The N.Y. Times has reported that Boras’ company provided tens of thousands of dollars in loans and payments to poverty-stricken Dominican teenagers, which raises questions about whether he has attempted to exploit prospects by violating the rules of the MLB Players Association.
Financially exploiting prospects is a practice that is restricted by the union due to its potential to result in players becoming indentured. Sports law experts have revealed that penalties range from hefty fines to the revocation of an agent’s right to represent athletes.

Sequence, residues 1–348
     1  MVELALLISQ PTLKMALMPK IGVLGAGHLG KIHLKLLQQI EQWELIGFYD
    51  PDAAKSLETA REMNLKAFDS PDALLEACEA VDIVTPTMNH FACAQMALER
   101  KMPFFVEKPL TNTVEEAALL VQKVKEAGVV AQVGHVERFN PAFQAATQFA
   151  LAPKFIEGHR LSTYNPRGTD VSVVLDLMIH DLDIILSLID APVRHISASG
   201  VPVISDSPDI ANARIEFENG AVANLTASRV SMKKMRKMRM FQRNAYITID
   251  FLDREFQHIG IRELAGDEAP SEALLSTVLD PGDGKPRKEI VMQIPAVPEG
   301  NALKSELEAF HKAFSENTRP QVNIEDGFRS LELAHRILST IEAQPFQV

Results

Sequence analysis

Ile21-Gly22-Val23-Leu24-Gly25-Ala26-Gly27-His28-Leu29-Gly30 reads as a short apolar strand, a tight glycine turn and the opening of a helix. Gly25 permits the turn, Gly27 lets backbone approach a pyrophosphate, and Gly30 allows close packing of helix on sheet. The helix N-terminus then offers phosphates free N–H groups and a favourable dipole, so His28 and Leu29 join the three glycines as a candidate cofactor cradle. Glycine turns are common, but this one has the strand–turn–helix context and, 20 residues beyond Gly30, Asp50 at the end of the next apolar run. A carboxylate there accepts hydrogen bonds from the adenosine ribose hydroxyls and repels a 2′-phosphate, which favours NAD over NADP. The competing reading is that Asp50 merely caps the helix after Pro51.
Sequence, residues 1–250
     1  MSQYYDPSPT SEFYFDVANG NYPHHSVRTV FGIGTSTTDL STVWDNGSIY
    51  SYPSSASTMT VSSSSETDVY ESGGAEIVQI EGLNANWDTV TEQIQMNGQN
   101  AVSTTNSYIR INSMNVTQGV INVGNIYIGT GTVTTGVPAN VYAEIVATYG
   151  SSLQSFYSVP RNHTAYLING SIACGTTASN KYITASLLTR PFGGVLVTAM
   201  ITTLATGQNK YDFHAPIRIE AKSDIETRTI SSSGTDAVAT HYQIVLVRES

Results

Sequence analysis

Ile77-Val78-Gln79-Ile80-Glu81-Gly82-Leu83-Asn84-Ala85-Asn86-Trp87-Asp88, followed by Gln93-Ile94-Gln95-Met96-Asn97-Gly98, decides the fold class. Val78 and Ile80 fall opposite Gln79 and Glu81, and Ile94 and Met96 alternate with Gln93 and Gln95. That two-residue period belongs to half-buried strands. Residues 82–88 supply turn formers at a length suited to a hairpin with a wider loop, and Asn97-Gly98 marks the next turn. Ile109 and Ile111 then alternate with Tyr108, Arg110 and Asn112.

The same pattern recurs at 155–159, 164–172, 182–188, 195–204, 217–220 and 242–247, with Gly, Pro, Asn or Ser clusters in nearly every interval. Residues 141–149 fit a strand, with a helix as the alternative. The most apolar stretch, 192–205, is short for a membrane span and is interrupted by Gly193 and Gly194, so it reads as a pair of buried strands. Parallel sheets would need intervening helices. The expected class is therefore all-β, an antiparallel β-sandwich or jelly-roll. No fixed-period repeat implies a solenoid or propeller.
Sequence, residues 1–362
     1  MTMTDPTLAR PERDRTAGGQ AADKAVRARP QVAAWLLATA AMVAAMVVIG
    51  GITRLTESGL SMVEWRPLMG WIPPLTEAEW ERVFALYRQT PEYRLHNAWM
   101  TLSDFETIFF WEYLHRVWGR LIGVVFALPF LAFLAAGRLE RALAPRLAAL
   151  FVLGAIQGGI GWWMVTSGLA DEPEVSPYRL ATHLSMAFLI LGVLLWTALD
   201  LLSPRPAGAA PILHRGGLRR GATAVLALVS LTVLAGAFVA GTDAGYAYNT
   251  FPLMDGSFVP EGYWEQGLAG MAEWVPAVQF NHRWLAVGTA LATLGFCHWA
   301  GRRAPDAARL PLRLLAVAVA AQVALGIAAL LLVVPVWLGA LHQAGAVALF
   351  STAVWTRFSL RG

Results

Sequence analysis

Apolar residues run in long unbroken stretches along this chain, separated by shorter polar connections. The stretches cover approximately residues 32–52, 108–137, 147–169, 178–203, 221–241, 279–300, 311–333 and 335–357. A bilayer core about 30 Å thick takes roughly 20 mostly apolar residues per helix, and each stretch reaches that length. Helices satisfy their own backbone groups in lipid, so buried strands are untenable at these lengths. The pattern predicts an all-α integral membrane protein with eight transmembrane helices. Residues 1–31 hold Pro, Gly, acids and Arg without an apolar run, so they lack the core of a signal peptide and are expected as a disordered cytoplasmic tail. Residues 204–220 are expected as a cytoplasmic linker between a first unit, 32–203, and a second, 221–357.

Sports lawyer and partner at the Washington-based Williams & Connolly law firm, Mark S. Levinstein, told the N.Y. Times, “The money obligates them to the agent, gives the agent leverage, and coerces the athlete to do what the agent wants because of fear of foreclosure or other adverse consequences for the athlete or the athlete’s family.”
An MLB Players Union spokesman declined to reveal whether Boras’ company registered the loans and payments with the union.
A spokesman for MLB addressed the hot-button issue by issuing a statement that reads, “This is a serious issue that raises concerns about the business practices of agents who have played a prominent role in the game.”